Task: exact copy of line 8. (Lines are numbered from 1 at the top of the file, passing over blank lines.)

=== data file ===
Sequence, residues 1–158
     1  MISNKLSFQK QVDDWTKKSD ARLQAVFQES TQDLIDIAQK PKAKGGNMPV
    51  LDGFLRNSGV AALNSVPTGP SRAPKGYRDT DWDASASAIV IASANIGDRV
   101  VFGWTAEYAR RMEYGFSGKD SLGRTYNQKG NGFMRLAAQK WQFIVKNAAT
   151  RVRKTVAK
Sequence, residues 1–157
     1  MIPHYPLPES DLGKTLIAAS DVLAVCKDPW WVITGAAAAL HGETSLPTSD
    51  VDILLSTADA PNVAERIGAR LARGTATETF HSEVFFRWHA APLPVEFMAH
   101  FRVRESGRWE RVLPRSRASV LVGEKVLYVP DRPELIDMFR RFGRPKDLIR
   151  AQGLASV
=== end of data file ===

    51  VDILLSTADA PNVAERIGAR LARGTATETF HSEVFFRWHA APLPVEFMAH